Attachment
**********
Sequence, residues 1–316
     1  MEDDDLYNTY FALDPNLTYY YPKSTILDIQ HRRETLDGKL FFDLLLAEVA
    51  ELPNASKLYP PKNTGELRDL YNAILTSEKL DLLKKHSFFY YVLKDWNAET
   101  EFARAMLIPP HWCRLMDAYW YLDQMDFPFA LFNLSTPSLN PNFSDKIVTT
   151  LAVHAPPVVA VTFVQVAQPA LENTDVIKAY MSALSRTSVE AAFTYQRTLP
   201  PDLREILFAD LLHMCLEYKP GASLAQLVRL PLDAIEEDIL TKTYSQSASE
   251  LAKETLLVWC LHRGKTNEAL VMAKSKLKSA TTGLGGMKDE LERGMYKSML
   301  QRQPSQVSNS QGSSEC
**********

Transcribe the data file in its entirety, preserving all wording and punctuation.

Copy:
Sequence, residues 1–316
     1  MEDDDLYNTY FALDPNLTYY YPKSTILDIQ HRRETLDGKL FFDLLLAEVA
    51  ELPNASKLYP PKNTGELRDL YNAILTSEKL DLLKKHSFFY YVLKDWNAET
   101  EFARAMLIPP HWCRLMDAYW YLDQMDFPFA LFNLSTPSLN PNFSDKIVTT
   151  LAVHAPPVVA VTFVQVAQPA LENTDVIKAY MSALSRTSVE AAFTYQRTLP
   201  PDLREILFAD LLHMCLEYKP GASLAQLVRL PLDAIEEDIL TKTYSQSASE
   251  LAKETLLVWC LHRGKTNEAL VMAKSKLKSA TTGLGGMKDE LERGMYKSML
   301  QRQPSQVSNS QGSSEC